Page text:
Oversight

IG: Coast Guard needs improved laptop security

Coast Guardsman using laptop

LeTroy Burgess records buoy-station data in Baltimore Harbor in this photo from 2011. (Coast Guard photo by Tasha Tully)

The Coast Guard needs to improve its laptop security through more diligent inventory management and restricting the purchase of non-standard laptops, a report by the Homeland Security Department's Inspector General found.

Some of USCG’s reported 15,000 laptops don’t meet the service's own security standards, while its procedures for implementing security patches and other measures required by the Department of Homeland Security have deficiencies.

"The use of laptop computers with built-in wireless Internet features has increased the mobility and productivity of the Federal workforce," the report said. "However, the popularity of laptops has also increased the risk of theft and unauthorized disclosure of sensitive data at Federal agencies."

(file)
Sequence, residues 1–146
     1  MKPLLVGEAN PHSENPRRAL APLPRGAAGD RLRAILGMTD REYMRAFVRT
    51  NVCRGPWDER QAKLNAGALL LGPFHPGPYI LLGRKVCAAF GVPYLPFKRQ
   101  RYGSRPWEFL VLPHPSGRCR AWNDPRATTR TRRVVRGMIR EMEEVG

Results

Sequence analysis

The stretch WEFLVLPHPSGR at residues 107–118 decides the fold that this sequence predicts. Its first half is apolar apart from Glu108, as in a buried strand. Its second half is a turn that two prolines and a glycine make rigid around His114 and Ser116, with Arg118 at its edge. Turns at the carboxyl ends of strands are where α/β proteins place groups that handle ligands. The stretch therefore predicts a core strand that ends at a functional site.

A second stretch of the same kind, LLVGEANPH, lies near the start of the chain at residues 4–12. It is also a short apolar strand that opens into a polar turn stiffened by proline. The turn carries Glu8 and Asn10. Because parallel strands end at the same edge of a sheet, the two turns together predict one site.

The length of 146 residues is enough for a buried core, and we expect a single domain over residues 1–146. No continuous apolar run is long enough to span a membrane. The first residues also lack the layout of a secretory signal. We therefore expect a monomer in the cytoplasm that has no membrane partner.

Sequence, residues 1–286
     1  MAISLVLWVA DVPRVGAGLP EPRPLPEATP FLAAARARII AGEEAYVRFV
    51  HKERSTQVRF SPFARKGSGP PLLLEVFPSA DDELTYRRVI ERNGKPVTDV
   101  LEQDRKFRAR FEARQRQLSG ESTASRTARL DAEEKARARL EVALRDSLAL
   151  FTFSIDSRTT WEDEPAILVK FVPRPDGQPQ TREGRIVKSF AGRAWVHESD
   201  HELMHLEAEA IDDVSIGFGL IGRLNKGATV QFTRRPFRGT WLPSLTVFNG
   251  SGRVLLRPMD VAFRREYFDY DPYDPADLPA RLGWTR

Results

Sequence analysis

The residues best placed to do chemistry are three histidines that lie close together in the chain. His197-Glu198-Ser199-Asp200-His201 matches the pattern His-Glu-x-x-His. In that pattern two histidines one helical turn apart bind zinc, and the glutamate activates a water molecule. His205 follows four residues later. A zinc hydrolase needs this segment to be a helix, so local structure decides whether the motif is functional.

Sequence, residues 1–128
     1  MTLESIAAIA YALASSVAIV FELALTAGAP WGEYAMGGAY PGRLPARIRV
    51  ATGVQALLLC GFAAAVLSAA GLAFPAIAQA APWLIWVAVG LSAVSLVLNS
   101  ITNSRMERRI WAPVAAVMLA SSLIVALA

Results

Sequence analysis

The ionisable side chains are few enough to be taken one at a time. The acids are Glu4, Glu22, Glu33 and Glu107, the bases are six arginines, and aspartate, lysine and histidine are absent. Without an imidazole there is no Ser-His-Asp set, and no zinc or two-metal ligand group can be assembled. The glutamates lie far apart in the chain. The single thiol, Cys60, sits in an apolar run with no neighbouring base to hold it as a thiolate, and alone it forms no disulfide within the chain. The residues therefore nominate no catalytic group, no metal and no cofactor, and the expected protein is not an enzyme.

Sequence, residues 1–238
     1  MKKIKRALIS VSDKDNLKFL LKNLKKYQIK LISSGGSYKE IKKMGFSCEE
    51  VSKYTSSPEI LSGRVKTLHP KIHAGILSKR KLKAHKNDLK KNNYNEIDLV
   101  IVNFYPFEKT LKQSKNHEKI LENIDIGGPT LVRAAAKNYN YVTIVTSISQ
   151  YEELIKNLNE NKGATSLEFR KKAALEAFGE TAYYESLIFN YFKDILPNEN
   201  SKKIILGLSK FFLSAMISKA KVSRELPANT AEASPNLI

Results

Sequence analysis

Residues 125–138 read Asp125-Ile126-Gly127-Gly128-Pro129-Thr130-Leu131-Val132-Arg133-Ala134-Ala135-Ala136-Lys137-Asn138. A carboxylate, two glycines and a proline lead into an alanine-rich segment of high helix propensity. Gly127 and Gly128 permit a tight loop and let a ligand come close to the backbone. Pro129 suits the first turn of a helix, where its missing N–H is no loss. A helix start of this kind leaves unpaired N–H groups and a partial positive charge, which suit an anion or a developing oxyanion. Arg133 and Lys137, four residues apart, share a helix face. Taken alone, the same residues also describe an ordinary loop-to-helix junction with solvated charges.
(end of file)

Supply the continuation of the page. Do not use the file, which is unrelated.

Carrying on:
The IG's recommendations include resolving incompatibility of some applications and implementing procedures to ensure data is either erased or unreadable when necessary.

USCG officials concurred with all seven recommendations. Click here to download the report.

About the Author

Reid Davenport is an FCW editorial fellow. Connect with him on Twitter: @ReidDavenport.

Featured

  • Cybersecurity

    DHS floats 'collective defense' model for cybersecurity

    Homeland Security Secretary Kirstjen Nielsen wants her department to have a more direct role in defending the private sector and critical infrastructure entities from cyberthreats.

  • Defense
    Defense Secretary James Mattis testifies at an April 12 hearing of the House Armed Services Committee.

    Mattis: Cloud deal not tailored for Amazon

    On Capitol Hill, Defense Secretary Jim Mattis sought to quell "rumors" that the Pentagon's planned single-award cloud acquisition was designed with Amazon Web Services in mind.

  • Census
    shutterstock image

    2020 Census to include citizenship question

    The Department of Commerce is breaking with recent practice and restoring a question about respondent citizenship last used in 1950, despite being urged not to by former Census directors and outside experts.

Stay Connected

FCW Update

Sign up for our newsletter.

I agree to this site's Privacy Policy.